Arriving in the Bushveld
Part 1, for part 2 see here.
The bush… well actually the African, or better yet, the South African bushveld. I’ve been asked many times what the bushveld is like. You know, I’ve never been able to describe bush life to my own satisfaction. Then being challenged to write an article about ‘what the bushveld is like’, I had to really rack my brain. First off, was to describe it to my own satisfaction and thereby, maybe the readers’ as well.
Ah, the Bushveld, the Memory of Magic
There are abundant trees in my kind of bush and if you know the mid-region – Satara/Olifants – of the Kruger National Park, then you’ll be well on your way to grasping the bushveld I know.
There are two ways to experience arriving in the bushveld. The one is by car, the other by light aircraft. More often, in the early years, before the camps were completed, I would arrive by car, or more accurately a 4×4, sharing the cramped space with all sorts of building equipment, supplies, provisions, even bags of cement.
Most people will come by road from the escarpment and most will drive via the Ohrigstad valley through the Strydom tunnel. Once through the tunnel, the road follows the Olifants River, then crosses the Blyde River, just before Hoedspruit. Take a right at Hoedspruit towards the bush I know, the Timbavati.
Having left the crisp Drakensberg – mountains of the dragons – air, you exit the Strydom tunnel and while descending, you slow down, winding down your window, for more air. It’s the smell that hits you first, coupled with the warmth that slowly warms your ears and face. The sky, although a strong blue, has become more soothing on the eyes and you find yourself not squinching them up anymore, as you slow down and relax. Simultaneously the air begins to feel noticeably heavier, with more volume and you get the sense there is more of it, causing a slow down in breathing, to accommodate the extra oxygen.
The Measure of Substance
Substance? I can measure the substance of the bushveld using my nose. What I smell I can see. A feeling of well-being comes over you, close and comfortable, assuring and securing, while exciting your very core into life and expectancy, as you sense new smells mingled with old in the air.
This smell/aroma is the overall scent of the Lowveld. The smell of the subtropical aroma of the animals, the trees, the earth, decaying leaf matter the fruits and flowers all mingled into one caressing sensation of ‘give me more’. The warmth of the air on everything around heightens the smells of all you can see and all you can’t. But you know it’s there because you can smell it and your spirit yearns to explore what this comfortable aroma is revealing to you.
Then suddenly you hear a kind of music, a high-pitched sound that resembles thousands of crickets hushed by the warmth on their wings. Those are Cicadas; a type of grass hopper that lives mostly in the longer grass. It is a high pitched and friendly greeting for the ears, soothing your soul, you begin to relax even more, causing all your senses to become even more acute and aligned for discovery.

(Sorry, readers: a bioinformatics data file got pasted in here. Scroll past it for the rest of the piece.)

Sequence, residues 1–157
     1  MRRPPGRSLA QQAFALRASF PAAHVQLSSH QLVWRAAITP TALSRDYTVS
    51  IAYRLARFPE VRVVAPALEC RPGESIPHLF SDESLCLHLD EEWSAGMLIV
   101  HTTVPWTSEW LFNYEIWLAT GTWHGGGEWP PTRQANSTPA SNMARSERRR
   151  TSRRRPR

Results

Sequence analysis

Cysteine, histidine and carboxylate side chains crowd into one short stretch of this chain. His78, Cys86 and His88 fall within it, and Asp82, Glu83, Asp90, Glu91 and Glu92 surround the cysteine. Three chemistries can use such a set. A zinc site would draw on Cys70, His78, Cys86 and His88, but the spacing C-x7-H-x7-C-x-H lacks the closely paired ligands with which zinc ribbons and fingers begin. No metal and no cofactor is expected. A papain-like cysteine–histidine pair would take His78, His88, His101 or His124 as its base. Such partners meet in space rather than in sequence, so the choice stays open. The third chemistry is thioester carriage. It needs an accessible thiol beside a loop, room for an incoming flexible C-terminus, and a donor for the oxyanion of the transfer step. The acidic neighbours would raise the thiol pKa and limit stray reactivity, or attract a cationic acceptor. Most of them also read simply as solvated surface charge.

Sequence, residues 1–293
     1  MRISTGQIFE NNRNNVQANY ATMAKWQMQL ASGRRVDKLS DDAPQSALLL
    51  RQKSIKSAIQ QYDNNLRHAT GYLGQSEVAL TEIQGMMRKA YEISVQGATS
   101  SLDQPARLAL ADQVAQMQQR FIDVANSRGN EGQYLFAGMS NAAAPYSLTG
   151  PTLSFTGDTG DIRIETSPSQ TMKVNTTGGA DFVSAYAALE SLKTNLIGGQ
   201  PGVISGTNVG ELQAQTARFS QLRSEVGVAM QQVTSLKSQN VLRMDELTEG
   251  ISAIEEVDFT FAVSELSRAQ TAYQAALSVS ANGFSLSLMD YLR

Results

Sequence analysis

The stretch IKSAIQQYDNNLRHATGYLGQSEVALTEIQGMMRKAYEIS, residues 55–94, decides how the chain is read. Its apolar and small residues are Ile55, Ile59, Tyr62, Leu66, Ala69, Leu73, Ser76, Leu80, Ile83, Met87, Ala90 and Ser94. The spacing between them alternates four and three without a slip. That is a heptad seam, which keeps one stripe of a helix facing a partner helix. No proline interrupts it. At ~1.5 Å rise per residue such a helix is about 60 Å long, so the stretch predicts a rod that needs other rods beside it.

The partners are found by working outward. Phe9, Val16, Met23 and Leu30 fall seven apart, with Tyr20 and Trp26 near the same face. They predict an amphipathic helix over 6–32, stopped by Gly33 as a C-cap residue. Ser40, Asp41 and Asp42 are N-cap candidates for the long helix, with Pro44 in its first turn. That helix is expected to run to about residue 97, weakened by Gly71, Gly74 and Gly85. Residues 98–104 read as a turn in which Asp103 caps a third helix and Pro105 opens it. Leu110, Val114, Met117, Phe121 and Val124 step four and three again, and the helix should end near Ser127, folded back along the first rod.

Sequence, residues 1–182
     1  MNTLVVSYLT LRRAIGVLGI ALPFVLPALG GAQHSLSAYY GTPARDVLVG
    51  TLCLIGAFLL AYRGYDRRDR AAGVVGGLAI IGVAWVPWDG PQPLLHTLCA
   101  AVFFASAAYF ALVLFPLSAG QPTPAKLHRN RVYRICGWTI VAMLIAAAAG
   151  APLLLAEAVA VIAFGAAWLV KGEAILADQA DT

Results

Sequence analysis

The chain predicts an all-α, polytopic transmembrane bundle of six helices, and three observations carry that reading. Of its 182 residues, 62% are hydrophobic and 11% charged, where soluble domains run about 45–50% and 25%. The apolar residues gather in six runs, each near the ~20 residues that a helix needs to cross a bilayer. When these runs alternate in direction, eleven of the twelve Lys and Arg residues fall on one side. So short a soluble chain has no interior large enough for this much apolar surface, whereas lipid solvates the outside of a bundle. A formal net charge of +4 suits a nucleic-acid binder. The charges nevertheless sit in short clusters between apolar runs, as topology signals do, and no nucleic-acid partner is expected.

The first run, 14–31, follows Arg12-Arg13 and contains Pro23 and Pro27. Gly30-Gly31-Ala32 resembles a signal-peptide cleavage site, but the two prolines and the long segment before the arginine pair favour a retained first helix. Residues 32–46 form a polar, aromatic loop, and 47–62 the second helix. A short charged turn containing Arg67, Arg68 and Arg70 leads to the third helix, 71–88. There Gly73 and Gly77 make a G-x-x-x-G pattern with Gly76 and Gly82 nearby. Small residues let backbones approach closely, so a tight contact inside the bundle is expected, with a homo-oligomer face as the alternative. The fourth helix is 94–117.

Without you noticing, your eyes begin to dart around in anticipation of sights you’ve never seen before. There’s a group of goats whose kids are jumping in and out of an old low tree, playing king of the castle. Young herdsmen wave as you pass, old men under another tree playing stone games in the sandy soil look up in curiosity. Cows are grazing off in the distance; some other boys are playing with whips, while greyhound-type dogs stay their distance.
Chores of the Day
In front of you, along the side of the road are young and old women in vivid long colorful dresses, sporting brightly colored headdresses. They carry large calabash-shaped pots on their heads full to the brim, balancing with only one hand, going about the daily chore of fetching water. Appearing behind them is another group of woman, these less colorfully dressed, carrying small bundles of branches balanced on their heads for firewood. As you pass by, you hear the chattering and laughter of the women and shrieks of excitement from the children.
You’re also a novelty in this world of theirs, with your bull-bar and roof rack packed to the gills with 20 liter Jerry cans with spare tires wherever they can fit. As you slowly drive by they all begin to turn their backs on you, to prevent the dust you’re making from blowing into their eyes. Sometimes small stones are also thrown up by the bush track tires.
Indigenous African Music
Hey, look! There ahead is an African flame tree covered in electric bright red flowers and from a distance, looks like cotton candy on a stick, so you slow down to have a closer look. With your window still open, you hear a strange, twanging, melodious, floating sound that seems to be all around you. Sitting in the shade of a neighboring tree and hard to see at first glance, a young man plays an instrument made from a calabash with beaten wires protruding from the top. He is flicking the wires with his thumbs as he holds the body of the calabash in both hands and you slow down to a crawl.
This is an African piano. It produces a dulcet sound resembling a water-flow repeating itself, like a rippling brook. In the top of the tree sits an eagle, who seems to be enjoying the young mans’ music. And to the right, a little way off the road, you hear the cicadas. Then all of a sudden, they go quiet and there coming out of the tall grass, is a large horned kudu! The kudu pauses for an instant, then seeing you it darts away melting into the bush.
You have now arrived in the bushveld I knew.
Below a Kalimba – Calabash piano – being played.
Video Run Time: 2:05 min